Norwegian and Swedish authorities said on a further 18 terawatt hours (TWh) of additional renewable electricity generation capacity will be completed by 2022 under a joint subsidy scheme.
Projects currently under construction totalled 7.4 TWh in Norway and 10.6 TWh in Sweden, a new monthly progress report showed. These projects should start operation in time to qualify for the Nordic countries’ joint electricity certificates system, which will close to new entrants from Jan. 1, 2022.
Created with an initial target to build 46.4 TWh of new green capacity, the scheme already covers 41.8 TWh, according to the report, and with a further 2.2 TWh also complete but yet to gain formal permission to generate the certificates awarded for each megawatt hour produced.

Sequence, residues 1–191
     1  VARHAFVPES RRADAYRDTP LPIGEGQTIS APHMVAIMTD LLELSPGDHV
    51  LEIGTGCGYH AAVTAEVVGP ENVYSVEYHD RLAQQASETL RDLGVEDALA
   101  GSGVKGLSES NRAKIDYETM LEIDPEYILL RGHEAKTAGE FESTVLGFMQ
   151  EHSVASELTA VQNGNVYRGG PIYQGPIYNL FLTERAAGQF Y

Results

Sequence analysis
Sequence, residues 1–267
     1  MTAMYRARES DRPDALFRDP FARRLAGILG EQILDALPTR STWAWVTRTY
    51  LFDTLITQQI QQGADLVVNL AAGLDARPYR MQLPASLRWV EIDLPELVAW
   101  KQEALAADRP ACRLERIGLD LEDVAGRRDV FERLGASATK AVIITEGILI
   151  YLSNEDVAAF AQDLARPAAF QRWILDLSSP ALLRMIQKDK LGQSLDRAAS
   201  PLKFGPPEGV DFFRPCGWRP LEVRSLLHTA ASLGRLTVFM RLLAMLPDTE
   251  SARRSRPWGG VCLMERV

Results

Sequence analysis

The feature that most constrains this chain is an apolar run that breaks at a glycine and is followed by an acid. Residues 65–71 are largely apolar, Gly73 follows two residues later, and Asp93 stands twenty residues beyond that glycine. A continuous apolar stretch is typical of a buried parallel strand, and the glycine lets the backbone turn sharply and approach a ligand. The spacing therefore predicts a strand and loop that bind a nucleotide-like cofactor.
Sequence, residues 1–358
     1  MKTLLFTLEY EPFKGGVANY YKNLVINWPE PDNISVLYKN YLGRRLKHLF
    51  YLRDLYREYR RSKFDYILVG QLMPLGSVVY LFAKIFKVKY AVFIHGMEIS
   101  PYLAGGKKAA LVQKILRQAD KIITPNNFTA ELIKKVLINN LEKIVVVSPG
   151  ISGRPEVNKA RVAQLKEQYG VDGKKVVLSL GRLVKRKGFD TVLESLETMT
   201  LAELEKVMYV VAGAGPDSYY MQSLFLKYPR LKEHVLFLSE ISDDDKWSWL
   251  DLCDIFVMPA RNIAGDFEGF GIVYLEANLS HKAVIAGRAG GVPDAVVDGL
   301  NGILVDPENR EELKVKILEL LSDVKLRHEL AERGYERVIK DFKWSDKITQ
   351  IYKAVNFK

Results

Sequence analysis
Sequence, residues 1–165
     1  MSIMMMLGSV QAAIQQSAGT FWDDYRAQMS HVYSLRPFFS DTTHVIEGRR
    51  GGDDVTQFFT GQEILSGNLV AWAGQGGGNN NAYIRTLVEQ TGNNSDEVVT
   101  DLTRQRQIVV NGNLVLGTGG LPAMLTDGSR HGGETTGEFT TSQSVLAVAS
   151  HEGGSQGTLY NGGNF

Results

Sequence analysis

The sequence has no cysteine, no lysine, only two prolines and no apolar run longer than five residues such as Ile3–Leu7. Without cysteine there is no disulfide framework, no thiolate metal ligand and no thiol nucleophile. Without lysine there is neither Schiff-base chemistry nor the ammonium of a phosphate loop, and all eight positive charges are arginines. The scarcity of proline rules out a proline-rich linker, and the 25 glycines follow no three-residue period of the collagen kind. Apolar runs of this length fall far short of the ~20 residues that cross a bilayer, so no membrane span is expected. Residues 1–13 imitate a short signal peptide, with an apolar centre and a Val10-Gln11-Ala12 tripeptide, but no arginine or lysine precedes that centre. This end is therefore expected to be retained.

A tradeable commodity in its own right, and mandatory for power distributors to buy, an electricity certificate last traded at 3.50 Swedish crowns ($0.4346) per megawatt hour.
The price has plunged 35% since the start of the month however, amid growing oversupply due to windy and wet weather in the hydropower-dominated region and a rush to complete projects before the 2022 deadline.
The build-out of onshore wind power is expected to slow down in the following years amid growing local opposition, especially in Norway. On Wednesday, lawmakers from Norway’s three coalition parties and the opposition Progress Party agreed on new onshore wind planning rules.
These regulations will give the final say to municipalities and setting a five-year deadline for project completion, while promising to channel more of the ensuing tax revenues into local coffers.